Activation of an antiviral response in normal but not transformed mouse cells: A new determinant of minute virus of mice oncotropism

Svitlana Grekova, Rainer Zawatzky, Rita Hörlein, Celina Cziepluch, Michal Mincberg, Claytus Davis, Jean Rommelaere, Laurent Daeffler

    Research output: Contribution to journalArticlepeer-review

    18 Scopus citations


    Parvovirus minute virus of mice (MVMp) is endowed with oncotropic properties so far ascribed only to the dependency of the virus life cycle on cellular factors expressed during S phase and/or modulated by malignant transformation. For other viruses oncotropism relies on their inability to circumvent type I interferon (IFN)-induced innate antiviral mechanisms, the first line of defense triggered by normal cells against viral infections. These agents propagate, therefore, preferentially in transformed/tumor cells, which often lack functional antiviral mechanisms. The present study aimed at investigating whether antiviral processes also contribute to MVMp oncotropism. Our results demonstrate that in contrast to MVMp-permissive transformed mouse A9 fibroblasts, freshly isolated normal counterparts (mouse embryonic fibroblasts [MEFs]) mount, through production and release of type I IFNs upon their infection, an antiviral response against MVMp lytic multiplication. Pretreatment of MEFs with a type I IFN-β-neutralizing antibody, prior to MVMp infection, inhibits the virus-triggered antiviral response and improves the fulfillment of the MVMp life cycle. Our results also show that part of the A9 permissiveness to MVMp relies on the inability to produce type I IFNs upon parvovirus infection, a feature related either to an A9 intrinsic deficiency of this process or to an MVMp-triggered inhibitory mechanism, since stimulation of these cells by exogenous IFN-β strongly inhibits the parvovirus life cycle. Taken together, our results demonstrate for the first time that parvovirus infection triggers an innate antiviral response in normal cells and suggest that the MVMp oncotropism depends at least in part on the failure of infected transformed cells to mount such a response.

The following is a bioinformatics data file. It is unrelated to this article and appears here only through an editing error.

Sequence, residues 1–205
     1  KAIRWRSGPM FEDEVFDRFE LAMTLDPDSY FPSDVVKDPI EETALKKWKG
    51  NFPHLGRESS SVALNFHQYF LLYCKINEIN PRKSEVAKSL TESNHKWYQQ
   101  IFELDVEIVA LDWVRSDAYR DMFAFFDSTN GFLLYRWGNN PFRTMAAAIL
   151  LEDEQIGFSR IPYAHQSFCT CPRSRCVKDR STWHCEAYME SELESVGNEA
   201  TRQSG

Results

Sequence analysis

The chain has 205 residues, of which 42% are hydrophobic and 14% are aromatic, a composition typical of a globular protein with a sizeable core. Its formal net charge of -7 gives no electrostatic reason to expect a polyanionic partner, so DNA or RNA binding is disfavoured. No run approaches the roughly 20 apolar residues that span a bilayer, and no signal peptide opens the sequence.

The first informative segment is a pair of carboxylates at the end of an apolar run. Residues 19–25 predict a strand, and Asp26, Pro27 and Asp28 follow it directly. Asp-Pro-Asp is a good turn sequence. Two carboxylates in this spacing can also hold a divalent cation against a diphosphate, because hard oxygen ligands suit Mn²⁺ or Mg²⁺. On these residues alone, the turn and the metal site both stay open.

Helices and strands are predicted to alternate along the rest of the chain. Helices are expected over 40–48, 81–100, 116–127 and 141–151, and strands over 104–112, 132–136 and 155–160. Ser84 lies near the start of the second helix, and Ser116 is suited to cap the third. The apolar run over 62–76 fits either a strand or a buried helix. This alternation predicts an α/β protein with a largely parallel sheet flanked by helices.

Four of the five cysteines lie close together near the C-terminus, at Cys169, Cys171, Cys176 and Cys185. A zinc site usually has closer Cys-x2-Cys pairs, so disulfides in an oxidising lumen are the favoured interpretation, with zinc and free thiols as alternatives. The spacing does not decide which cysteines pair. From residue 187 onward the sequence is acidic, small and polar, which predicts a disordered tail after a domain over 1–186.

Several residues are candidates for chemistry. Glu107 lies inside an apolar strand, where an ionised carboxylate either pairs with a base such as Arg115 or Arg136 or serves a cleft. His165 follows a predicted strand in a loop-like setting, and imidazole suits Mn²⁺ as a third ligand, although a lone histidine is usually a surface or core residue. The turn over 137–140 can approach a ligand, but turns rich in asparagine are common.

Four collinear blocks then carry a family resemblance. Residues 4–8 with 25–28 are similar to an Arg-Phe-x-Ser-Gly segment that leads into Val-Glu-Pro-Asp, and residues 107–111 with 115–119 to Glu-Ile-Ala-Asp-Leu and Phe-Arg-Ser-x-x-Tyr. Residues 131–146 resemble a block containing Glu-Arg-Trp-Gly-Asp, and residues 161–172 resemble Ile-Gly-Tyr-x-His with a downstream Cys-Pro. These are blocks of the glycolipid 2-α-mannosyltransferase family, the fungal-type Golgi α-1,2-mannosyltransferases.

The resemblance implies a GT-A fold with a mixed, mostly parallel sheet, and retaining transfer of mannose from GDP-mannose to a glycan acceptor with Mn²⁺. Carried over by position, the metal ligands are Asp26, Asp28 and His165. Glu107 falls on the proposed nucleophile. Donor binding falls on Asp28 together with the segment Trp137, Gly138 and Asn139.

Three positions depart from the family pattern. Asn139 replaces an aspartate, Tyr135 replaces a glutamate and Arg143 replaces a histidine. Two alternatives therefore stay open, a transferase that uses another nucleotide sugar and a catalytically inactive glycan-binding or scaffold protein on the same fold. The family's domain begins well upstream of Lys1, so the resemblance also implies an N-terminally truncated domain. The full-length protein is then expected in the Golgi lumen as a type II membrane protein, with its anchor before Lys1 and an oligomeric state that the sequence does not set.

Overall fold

Original languageEnglish
    Pages (from-to)516-531
    Number of pages16
    JournalJournal of Virology
    Issue number1
    StatePublished - 1 Jan 2010

    ASJC Scopus subject areas

    • Microbiology
    • Immunology
    • Insect Science
    • Virology


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